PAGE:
John McCain Breaks Promise Of Sticking To Issues And Not Relying On Sleazy Politics: He Will Not Stop The Robo Calls

[media id=6616] Chris Wallace played the sickening Bill Ayers robo calls and insists he will continue the political strategies that he said he woul

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Chris Wallace played the sickening Bill Ayers robo calls and insists he will continue the political strategies that he said he would never use. Wallace even brought up a Bill O'Reilly clip of him saying his campaign would not be about Ayers, but about issues that are so important to this great country.

WALLACE: But Senator, back — if I may, back in 2000 when you were the target of robo calls, you called these hate calls and you said...

MCCAIN: They worked.

WALLACE: ... and you said the following, "I promise you, I have never and will never have anything to do with that kind of political tactic."

Now you've hired the same guy who did the robo calls against you to — reportedly, to do the robo calls against Obama and the Republican Senator Susan Collins, the co-chair of your campaign in Maine, has asked you to stop the robo calls. Will you do that?

MCCAIN: Of course not.

McCain only hates things when they are targeted at him. These robo calls are vital to his campaign and are all he has left. We know the kind of man he is when his back is against the wall and he turns to the Lee Atwater politics of personal destruction. John McCain employs his usual tactic of filibustering Wallace whenever he brought up a tough question for him and said that he would not even listen to Rep. Susan Collins, who asked McCain to stop using those horrible robo calls.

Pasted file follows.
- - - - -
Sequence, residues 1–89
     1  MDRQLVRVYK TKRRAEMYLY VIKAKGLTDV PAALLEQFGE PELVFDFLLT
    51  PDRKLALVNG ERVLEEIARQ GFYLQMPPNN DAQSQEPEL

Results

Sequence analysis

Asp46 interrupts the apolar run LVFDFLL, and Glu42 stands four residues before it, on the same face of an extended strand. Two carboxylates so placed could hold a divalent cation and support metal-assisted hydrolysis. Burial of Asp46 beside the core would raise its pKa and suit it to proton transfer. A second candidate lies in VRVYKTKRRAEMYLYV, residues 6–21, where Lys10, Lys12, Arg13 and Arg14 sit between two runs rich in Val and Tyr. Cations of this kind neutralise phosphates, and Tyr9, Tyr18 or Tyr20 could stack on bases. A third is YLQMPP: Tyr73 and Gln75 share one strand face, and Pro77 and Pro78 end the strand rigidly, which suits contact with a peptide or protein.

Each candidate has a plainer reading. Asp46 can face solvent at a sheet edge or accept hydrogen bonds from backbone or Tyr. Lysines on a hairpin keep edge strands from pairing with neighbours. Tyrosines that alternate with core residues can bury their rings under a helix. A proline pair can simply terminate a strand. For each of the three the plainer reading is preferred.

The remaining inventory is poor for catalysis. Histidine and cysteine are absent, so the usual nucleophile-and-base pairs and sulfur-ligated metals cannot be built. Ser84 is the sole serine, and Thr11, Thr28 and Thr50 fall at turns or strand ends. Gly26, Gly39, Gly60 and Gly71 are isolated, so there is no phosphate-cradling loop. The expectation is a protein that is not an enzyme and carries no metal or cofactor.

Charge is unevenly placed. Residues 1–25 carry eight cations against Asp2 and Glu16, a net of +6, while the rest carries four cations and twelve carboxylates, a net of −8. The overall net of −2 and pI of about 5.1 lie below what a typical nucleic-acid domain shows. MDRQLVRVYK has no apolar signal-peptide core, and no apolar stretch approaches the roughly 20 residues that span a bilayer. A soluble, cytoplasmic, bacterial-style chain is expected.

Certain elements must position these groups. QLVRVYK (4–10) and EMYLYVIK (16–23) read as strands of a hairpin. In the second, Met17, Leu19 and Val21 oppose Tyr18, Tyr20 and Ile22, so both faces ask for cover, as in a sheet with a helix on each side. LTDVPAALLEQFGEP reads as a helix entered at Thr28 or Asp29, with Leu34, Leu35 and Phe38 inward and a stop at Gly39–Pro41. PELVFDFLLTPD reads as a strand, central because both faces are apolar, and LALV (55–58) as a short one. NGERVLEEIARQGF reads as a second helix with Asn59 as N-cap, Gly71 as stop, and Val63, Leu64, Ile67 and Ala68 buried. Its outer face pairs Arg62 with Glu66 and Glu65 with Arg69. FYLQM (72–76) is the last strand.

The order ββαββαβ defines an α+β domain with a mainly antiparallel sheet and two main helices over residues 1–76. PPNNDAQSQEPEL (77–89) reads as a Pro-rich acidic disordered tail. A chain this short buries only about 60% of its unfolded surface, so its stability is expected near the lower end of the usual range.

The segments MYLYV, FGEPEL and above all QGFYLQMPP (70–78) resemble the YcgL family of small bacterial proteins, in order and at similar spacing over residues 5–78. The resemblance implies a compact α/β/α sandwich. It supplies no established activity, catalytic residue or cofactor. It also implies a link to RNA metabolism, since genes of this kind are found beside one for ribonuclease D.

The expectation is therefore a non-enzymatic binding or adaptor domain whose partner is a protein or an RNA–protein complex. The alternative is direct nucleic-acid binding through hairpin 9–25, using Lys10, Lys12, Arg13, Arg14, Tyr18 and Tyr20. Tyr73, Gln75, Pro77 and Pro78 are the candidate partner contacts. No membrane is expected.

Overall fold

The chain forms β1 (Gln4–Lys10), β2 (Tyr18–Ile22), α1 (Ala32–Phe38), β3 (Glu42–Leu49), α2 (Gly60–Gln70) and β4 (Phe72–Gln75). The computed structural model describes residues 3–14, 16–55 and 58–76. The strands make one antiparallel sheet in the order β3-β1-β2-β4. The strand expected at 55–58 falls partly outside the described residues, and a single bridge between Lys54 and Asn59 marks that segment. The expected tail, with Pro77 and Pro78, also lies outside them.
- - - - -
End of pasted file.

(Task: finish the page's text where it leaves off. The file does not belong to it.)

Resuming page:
LA Times:

Maine Republican Sen. Susan Collins, facing a tough reelection fight, urged GOP presidential contender John McCain on Friday to stop making automated calls into her state linking Democratic nominee Barack Obama to a 1960s radical.

"These kind of tactics have no place in Maine politics," said Collins' spokesman, Kevin Kelley. "Sen. Collins urges the McCain campaign to stop these calls immediately.

Even the odious Norm Coleman asks them to stop. McCain, have you no decency?

Sen. Norm Coleman (R-MN), who called for pulling all of his negative advertising Oct. 10 (though the NRSC was running anti-Franken ads), has called now for all "attack ads and phones calls" to be pulled across the country, including robo-calls paid for by the Republican National Committee. "It's time for all of these attacks to end," Coleman said, per a release, during his Obama-sounding "Hope Express Tour."

Full FNS Transcript:

NARRATOR: You need to know that Barack Obama has worked closely with domestic terrorist Bill Ayres, whose organization bombed the U.S. Capitol, the Pentagon, a judge's home and killed Americans.

(END AUDIO CLIP)

WALLACE: Senator, back in 2000...

MCCAIN: That is absolutely true.

WALLACE: Can I ask the question?

MCCAIN: No, no. But before you do, that is absolutely true. And I don't care about Mr. Ayres, and old — and his wife, who was on the top 10 most wanted list. I care about everybody knowing the relationship between the two of them. That's legitimate.

Senator Obama and Bill Ayres served on a board of the Woods Foundation and they gave $230,000 to ACORN. What's that all about? He said that he was just a guy in the neighborhood.